Occlusions in peripherally inserted central venous catheters in pediatric patients in antineoplastic chemotherapy

Oclusiones en catéteres centrales de inserción periférica en niños y adolescentes en quimioterapia antineoplásica

Bruna Irene Cunha Curty de Souza Marcelle Miranda da Silva About the authors

ABSTRACT

Objective

To analyze the occurrence of occlusions in peripherally inserted central venous catheters in pediatric patients in antineoplastic chemotherapy.

Method

Retrospective cohort, with 156 medical records of patients aged 0-19 years who underwent outpatient chemotherapy between 2013 and 2017 by this catheter, in a hospital in the city of Rio de Janeiro. Descriptive and inferential statistics were applied.

Results

219 catheters were registered. Occlusion occurred in 141 (64.4%) catheters; 63 (44.7%) were removed because of occlusion, either alone or associated with another factor. Total occlusion alone led to the removal of 27 (12.3%) catheters. Occlusion was associated with: catheter dwell time, cyclophosphamide, neuroblastoma, bone metastasis and number of chemotherapy sessions.

Conclusion

Occlusion is an important complication because it occurred in more than half of the catheters and was one of the main reasons for withdrawal. The identified risk factors may guide the care to prevent this complication.

Keywords
Central venous catheters; Vascular access devices; Catheter obstruction; Neoplasms; Pediatrics

RESUMEN

Objetivo

Analizar la aparición de oclusiones en catéteres centrales de inserción periférica en niños y adolescentes sometidos a quimioterapia.

Método

Cohorte retrospectiva, con 156 registros de pacientes de 0 a 19 años que se sometieron a quimioterapia entre 2013 y 2017, en un hospital de Río de Janeiro. Se aplicaron estadísticas descriptivas e inferenciales.

Resultados

Se registraron 219 catéteres. La oclusión ocurrió en 141 (64.4%) catéteres; 63 (44.7%) se eliminaron por oclusión, ya sea solo o asociado con otro factor. La oclusión total sola condujo a la extracción de 27 (12.3%) catéteres. La oclusión se asoció con la duración de la estancia del catéter, ciclofosfamida, neuroblastoma, metástasis óseas y sesiones de quimioterapia.

Conclusión

La oclusión es una complicación importante, ocurrió en más de la mitad de los catéteres y fue una de las principales razones para la retirada. Los factores de riesgo pueden guiar la atención para prevenir esta complicación.

Palabras clave
Catéteres venosos centrales; Dispositivo de acceso vascular; Obstrucción del catéter; Neoplasias; Pediatría

RESUMO

Objetivo

Analisar a ocorrência de oclusões em cateteres venosos centrais de inserção periférica nos pacientes infantojuvenis em quimioterapia antineoplásica.

Método

Coorte retrospectivo, com 156 prontuários de pacientes de 0 a 19 anos que realizaram quimioterapia ambulatorialmente entre 2013 e 2017 por este cateter, em hospital do município do Rio de Janeiro. Aplicou-se estatística descritiva e inferencial.

Resultados

Registraram-se 219 cateteres. A oclusão ocorreu em 141 (64,4%) cateteres; 63 (44,7%) foram retirados por causa da oclusão, seja isolada ou associada a outro fator. A oclusão total isoladamente foi motivo de retirada de 27 (12,3%) cateteres. A oclusão apresentou associação com: tempo de permanência do cateter, ciclofosfamida, neuroblastoma, metástase óssea e número de sessões de quimioterapia.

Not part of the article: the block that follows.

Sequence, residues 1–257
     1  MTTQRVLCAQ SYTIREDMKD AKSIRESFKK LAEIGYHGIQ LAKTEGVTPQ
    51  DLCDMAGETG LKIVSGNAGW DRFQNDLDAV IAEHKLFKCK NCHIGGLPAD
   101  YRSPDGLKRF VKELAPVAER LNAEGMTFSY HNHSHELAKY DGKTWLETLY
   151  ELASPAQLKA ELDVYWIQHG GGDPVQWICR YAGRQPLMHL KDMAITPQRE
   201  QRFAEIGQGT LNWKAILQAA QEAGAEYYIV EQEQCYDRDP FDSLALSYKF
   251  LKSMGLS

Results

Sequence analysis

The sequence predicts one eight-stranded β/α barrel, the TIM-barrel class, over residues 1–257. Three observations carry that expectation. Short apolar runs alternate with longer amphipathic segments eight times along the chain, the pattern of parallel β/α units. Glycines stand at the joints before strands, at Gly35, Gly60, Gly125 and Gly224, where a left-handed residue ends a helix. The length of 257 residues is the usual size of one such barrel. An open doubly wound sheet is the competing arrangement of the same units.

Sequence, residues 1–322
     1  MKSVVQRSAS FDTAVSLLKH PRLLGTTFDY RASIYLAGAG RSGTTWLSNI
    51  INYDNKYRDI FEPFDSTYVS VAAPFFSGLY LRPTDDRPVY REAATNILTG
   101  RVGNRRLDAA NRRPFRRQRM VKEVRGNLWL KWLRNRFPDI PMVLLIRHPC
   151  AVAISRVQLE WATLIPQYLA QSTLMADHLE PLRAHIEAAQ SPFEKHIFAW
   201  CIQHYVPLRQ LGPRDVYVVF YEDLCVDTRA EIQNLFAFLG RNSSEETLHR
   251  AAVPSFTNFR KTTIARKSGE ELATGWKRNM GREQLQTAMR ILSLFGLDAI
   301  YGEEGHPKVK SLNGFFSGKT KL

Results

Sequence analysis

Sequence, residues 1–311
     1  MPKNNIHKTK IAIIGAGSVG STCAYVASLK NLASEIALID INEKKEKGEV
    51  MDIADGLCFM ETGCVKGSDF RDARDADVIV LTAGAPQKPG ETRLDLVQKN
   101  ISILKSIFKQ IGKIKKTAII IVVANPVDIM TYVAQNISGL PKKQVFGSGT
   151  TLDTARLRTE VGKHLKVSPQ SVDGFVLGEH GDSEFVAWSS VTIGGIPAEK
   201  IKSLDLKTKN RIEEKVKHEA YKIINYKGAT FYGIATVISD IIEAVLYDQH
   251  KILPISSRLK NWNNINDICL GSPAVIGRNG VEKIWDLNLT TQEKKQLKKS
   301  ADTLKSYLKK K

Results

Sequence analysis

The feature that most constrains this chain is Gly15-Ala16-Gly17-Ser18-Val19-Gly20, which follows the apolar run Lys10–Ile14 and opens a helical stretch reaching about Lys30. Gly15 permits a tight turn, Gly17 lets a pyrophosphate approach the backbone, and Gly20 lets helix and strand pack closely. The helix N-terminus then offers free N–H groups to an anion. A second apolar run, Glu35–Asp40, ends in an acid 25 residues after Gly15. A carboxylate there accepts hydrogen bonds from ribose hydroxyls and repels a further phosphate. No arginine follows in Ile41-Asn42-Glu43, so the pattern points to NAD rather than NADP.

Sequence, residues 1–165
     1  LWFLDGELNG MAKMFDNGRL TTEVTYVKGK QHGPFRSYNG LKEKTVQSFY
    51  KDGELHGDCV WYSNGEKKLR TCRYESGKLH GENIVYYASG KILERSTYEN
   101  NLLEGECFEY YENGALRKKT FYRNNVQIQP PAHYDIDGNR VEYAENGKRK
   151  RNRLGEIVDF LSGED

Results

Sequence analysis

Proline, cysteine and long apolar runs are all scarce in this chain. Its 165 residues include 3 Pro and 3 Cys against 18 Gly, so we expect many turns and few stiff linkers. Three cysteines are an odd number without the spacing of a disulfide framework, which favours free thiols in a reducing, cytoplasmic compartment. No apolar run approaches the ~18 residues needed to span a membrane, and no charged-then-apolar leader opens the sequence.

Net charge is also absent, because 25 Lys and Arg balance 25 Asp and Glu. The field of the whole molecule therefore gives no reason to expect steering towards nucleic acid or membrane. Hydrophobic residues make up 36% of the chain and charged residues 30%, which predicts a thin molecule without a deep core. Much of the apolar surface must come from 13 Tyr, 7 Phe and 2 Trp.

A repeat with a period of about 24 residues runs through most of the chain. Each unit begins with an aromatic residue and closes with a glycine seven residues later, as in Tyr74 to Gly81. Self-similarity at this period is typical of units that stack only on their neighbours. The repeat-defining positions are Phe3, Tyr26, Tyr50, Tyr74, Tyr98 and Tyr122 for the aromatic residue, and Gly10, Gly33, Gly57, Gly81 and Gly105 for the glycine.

Conclusão

A oclusão é uma complicação importante, pois ocorreu em mais da metade dos cateteres e foi um dos principais motivos de retirada. Os fatores de risco identificados podem nortear o cuidado para prevenção desta complicação.

Palavras-chave
Cateteres venosos centrais; Dispositivos de acesso vascular; Obstrução do cateter; Neoplasias; Pediatria

INTRODUCTION

In Brazil and worldwide, cancer represents the main cause of death from illness among children and adolescents, but it has achieved high cure rates1Lima BC, Silva LF, Góes FGB, Ribeiro MTS, Alves LL. The therapeutic pathway of families of children with cancer: difficulties faced in this journey. Rev Gaúcha Enferm. 2018;39:e20180004. doi: https://doi.org/10.1590/1983-1447.2018.20180004
https://doi.org/10.1590/1983-1447.2018.2...
-2Steliarova-Foucher E, Colombet M, Ries LAG, Moreno F, Dolya A, Bray F, et al. International incidence of childhood cancer, 2001-10: a population-based registry study. Lancet Oncol. 2017;18(6):719-31. doi: https://doi.org/10.1016/S1470-2045(17)30186-9
https://doi.org/10.1016/S1470-2045(17)30...
. Anticancer treatments are complex and involve the use of three basic modalities: surgery, chemotherapy, and radiotherapy. In general, they are long and aggressive, and often need secure access to the venous network to administer, for example, chemotherapeutics3Lima AFC, Saba ABS, Bianchini SSB, Fernando T. Preventive risk analysis in the maintenance of patency of the peripherally inserted central catheter. Rev Esc Enferm USP. 2019;53:e03462. doi: https://doi.org/10.1590/s1980-220x2018011803462
https://doi.org/10.1590/s1980-220x201801...
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Chemotherapy contributes to increased survival, since childhood cancers have a high proliferative index and are mostly chemosensitive2Steliarova-Foucher E, Colombet M, Ries LAG, Moreno F, Dolya A, Bray F, et al. International incidence of childhood cancer, 2001-10: a population-based registry study. Lancet Oncol. 2017;18(6):719-31. doi: https://doi.org/10.1016/S1470-2045(17)30186-9
https://doi.org/10.1016/S1470-2045(17)30...
. The main route of administration of chemotherapy drugs is intravenous, with vascular catheterization being one of the most performed procedures4Oliveira CG, Rodas ACD. Postmarketing surveillance in Brazil: vascular catheters - an overview of notifications of adverse events and technical complaints. Ciênc Saúde Coletiva. 2017;22(10):3247-57. doi: https://doi.org/10.1590/1413-812320172210.17612017